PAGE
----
Lifelong Learning

As your brain ages, some of its pathways weaken from underuse. You might have a harder time recalling names, facts, addresses, or everyday details. To counteract these aging circuits, try learning new skills. Fresh information acts as a protein shake, forging new pathways and recoating those that are weak. Plus, with practice, these pathways get even stronger.

If learning calculus doesn’t get you dancing in your seat, the arts and humanities might have a better shot. By making new connections in a subject that interests you, you’ll have a greater chance of sticking with it. Music, language and art all have the potential to jump start learning, and each one comes with rewarding side effects. Playing an instrument has been shown to boost IQ, and if you’re a male you might have some positive gains in the dating world too. Learning a second language pays off in the long run “” bilingualism strengthens the brain against cognitive decline like Alzheimer’s and dementia. As for art’s benefits, more than 95% of people believe it builds intangible skills like creativity and individualism, and art also possesses stress-relieving powers as well. Whether learning notes, words, or the color wheel, your brain will benefit from the enjoyment of learning a new skill.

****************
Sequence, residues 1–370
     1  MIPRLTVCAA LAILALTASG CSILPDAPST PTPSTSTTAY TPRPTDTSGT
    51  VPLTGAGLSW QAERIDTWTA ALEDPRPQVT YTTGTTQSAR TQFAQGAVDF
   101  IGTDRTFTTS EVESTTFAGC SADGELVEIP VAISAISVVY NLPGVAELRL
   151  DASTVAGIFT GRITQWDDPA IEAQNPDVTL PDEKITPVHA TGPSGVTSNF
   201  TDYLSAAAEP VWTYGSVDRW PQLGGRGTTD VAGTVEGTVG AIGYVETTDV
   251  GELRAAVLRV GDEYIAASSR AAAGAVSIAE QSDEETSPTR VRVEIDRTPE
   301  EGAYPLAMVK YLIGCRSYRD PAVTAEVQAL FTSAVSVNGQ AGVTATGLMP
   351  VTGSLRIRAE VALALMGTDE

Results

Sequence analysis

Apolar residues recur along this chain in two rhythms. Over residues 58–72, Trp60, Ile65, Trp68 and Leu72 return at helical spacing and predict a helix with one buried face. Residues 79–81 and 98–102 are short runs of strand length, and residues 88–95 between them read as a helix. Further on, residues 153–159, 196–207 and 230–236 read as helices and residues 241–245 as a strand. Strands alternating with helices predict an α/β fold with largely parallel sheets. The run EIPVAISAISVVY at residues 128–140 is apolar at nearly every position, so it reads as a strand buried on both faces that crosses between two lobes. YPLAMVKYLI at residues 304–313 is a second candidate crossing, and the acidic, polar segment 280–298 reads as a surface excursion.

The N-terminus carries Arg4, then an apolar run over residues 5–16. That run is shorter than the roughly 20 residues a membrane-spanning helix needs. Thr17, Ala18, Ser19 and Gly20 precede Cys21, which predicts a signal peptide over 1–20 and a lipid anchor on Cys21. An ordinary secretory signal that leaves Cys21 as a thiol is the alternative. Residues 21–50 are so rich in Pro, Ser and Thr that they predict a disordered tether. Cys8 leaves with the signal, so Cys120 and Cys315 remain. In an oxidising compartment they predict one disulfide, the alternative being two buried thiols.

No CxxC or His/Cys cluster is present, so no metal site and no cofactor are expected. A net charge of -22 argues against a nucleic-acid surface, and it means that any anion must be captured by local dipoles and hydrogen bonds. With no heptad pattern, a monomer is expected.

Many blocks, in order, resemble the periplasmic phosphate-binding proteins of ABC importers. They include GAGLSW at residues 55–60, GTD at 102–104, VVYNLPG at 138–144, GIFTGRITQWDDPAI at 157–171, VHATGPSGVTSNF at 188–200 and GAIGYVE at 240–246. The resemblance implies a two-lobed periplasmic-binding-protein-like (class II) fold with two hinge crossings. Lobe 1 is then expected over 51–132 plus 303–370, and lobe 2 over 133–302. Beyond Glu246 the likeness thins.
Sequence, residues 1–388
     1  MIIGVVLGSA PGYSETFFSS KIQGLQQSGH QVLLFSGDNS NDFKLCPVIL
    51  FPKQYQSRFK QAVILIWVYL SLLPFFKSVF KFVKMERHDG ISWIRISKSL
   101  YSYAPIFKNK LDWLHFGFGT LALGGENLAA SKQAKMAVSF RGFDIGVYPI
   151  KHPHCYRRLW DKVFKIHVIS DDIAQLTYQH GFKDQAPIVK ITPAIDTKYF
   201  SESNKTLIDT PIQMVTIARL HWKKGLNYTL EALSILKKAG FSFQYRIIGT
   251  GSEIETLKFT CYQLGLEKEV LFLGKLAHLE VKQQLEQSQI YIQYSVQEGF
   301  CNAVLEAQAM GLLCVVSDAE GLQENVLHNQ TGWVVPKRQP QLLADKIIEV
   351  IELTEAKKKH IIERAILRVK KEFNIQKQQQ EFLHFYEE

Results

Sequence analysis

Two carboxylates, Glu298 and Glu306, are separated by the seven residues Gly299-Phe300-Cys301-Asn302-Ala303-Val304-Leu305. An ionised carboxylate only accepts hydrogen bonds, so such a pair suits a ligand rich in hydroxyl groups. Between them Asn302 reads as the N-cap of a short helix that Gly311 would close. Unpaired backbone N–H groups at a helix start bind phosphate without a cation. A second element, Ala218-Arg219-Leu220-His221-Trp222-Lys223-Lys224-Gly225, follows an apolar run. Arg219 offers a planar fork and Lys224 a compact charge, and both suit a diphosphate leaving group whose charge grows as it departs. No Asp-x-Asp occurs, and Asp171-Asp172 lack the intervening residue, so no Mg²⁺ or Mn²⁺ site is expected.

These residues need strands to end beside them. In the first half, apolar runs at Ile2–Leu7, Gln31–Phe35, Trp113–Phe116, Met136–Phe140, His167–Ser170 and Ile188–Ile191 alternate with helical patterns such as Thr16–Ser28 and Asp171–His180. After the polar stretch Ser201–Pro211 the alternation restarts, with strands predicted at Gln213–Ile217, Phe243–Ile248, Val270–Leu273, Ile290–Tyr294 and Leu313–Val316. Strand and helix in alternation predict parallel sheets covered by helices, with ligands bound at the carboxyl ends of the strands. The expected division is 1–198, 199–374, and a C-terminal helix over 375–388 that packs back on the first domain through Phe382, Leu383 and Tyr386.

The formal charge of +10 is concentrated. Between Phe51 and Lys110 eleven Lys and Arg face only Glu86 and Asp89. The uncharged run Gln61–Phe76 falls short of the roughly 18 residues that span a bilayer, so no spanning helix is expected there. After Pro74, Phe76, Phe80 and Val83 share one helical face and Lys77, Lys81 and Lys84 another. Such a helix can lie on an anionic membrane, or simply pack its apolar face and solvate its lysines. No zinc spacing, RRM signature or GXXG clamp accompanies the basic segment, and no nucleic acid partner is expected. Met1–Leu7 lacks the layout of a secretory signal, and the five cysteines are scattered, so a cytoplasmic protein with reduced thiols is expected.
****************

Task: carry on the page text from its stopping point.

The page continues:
If you’re interested in finding out more about how lifelong learning can help you strengthen your brain, check out our resource section on lifelong learning.

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